by Rev. Dr. Krista S. Givens
You know it to be true: you’ve seen it in the relationships around you; in bickering couples disputing the restaurant bill; in a heated conversation about how much a pair of shoes cost or whether we really NEED at new flat screen TV or a new fancy car, an argument about who’s making the money in the family and who’s spending the money. You know it’s true and in a 2009 study at Utah State University – the proof confirmed it: Professor Jeffery Dew studied 2,800 couples and his finding: Couples who reported disagreeing about finances once a week were over 30 percent more likely to get divorced than couples who reported disagreeing about finances a few times a month. (1) Money disrupts our relationships with one another, whether it be in a marriage or a loan between family members, an inheritance from a dear aunt who’s passed away, rent owed to a landlord… Money – and our worries, anxiety and desperation for money – disrupts our relationships with those we love and with God. (One of the most-repeated reasons people don’t want to come to church is because “They’re always asking for money…”)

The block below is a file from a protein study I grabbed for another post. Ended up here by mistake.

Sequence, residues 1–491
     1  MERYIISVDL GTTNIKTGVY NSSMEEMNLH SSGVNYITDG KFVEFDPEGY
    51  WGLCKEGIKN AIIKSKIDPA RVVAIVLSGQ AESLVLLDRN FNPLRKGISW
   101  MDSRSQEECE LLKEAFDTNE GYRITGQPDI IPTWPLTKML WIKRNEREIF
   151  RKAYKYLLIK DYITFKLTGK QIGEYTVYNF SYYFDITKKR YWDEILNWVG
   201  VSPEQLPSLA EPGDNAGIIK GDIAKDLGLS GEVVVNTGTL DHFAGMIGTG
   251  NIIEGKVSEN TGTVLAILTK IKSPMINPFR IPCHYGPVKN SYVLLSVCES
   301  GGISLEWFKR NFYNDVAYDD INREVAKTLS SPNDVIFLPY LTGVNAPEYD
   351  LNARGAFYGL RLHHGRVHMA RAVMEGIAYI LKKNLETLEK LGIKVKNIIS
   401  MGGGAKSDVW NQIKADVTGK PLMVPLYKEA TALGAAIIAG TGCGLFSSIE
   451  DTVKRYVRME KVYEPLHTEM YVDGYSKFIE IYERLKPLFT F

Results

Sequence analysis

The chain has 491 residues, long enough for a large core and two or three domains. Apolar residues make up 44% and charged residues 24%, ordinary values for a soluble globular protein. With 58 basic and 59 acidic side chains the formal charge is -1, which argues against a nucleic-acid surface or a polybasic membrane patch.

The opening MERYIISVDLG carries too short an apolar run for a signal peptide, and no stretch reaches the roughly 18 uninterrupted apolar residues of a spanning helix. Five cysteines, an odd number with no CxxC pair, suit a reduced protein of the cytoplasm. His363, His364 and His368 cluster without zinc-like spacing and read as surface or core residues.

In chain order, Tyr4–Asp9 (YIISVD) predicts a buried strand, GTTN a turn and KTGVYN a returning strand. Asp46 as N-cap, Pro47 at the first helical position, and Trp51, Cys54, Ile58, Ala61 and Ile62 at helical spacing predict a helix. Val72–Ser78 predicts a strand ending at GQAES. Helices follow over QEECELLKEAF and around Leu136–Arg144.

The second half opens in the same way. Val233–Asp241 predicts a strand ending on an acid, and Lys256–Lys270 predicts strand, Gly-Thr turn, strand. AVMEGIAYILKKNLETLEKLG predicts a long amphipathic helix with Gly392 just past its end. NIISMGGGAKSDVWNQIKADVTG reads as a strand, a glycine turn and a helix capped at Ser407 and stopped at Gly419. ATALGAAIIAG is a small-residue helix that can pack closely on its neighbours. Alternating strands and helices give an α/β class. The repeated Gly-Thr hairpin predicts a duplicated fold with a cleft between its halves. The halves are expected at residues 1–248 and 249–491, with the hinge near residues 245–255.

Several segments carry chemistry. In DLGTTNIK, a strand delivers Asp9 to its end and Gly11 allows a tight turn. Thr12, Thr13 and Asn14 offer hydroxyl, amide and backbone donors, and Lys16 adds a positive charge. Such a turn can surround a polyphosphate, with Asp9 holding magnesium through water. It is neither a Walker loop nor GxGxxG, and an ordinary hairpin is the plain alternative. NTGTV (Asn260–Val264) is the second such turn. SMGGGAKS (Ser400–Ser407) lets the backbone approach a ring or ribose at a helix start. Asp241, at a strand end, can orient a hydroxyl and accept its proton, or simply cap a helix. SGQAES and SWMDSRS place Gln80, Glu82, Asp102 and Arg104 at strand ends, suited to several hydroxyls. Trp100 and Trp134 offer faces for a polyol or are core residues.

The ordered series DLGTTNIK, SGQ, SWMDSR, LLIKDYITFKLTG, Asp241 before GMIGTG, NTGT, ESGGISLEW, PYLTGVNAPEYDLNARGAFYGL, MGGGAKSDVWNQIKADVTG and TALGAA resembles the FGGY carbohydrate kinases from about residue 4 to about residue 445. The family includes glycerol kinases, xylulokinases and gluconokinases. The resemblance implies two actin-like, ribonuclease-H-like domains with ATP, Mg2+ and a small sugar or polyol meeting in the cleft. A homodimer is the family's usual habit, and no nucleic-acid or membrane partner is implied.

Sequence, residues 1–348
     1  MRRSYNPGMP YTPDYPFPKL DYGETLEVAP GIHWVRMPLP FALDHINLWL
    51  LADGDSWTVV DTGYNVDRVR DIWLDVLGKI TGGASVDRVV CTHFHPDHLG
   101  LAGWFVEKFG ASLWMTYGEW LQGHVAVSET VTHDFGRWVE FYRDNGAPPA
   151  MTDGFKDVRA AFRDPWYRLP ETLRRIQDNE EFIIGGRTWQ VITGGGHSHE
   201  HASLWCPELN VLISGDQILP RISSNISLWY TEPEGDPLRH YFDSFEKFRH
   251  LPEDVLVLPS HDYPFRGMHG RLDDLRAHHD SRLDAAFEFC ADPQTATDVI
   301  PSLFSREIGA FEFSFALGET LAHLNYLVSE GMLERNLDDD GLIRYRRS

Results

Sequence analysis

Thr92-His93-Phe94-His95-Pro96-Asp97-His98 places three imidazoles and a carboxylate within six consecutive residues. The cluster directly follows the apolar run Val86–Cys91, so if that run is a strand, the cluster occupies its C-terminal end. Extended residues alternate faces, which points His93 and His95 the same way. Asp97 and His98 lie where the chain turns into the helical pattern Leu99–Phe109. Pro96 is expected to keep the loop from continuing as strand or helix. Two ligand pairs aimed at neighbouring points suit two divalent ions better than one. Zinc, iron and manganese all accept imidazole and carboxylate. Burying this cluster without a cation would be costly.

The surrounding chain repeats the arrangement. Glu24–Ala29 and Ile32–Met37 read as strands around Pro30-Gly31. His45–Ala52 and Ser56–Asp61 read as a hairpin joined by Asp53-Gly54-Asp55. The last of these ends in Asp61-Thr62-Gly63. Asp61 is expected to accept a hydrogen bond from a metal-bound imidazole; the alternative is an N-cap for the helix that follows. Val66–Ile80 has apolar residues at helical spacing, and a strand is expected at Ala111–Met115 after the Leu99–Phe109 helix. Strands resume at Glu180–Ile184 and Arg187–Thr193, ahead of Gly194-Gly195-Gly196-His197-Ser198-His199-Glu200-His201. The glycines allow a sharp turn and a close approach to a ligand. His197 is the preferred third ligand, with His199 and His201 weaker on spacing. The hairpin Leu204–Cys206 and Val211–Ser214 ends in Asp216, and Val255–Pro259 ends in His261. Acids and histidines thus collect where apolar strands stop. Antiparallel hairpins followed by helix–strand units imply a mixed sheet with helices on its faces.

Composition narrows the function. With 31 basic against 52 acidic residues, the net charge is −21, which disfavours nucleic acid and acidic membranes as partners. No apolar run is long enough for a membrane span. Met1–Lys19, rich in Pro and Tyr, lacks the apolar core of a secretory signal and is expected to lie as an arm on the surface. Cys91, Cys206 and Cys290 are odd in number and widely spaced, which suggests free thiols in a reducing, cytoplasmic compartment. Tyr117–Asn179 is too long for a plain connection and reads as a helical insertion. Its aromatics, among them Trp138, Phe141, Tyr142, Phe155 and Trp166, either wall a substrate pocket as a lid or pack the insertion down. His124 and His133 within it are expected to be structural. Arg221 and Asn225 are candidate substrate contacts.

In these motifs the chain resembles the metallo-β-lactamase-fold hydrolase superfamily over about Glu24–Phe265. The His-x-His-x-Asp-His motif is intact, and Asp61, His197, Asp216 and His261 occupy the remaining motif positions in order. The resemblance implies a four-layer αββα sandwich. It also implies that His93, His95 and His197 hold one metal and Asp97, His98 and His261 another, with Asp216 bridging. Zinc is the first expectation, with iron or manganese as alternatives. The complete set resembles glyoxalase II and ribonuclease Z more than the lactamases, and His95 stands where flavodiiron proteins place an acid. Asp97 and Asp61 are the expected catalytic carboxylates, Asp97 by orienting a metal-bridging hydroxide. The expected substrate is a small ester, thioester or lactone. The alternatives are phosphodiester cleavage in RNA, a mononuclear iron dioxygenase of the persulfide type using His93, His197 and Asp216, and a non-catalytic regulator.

And so, when we encounter Jesus talking about money, it is our task as followers of this Teacher, to listen to his words and discover how they can apply to us. Do they apply – or are they only appropriate for the disciples of HIS time and HIS culture? Does this ancient story have anything to do with us?
In my humble opinion, as your pastor, I think it does! And part of my job, my task, my calling is to look at what Jesus says and point out where it DOES apply to us – to say, “Look! This can help us!”
And so we begin here in the gospel of Luke. Now as we begin it is notable that Jesus talked about money more than anything else except the Kingdom of God. (My thought is that Jesus talked about the Kingdom first and then about Money as a barrier to the Kingdom) In fact, 11 of 39 Jesus’ parables talk about money and it is particularly important to the writer of Luke: 1 of every 7 verses in the Gospel of Luke talk about money.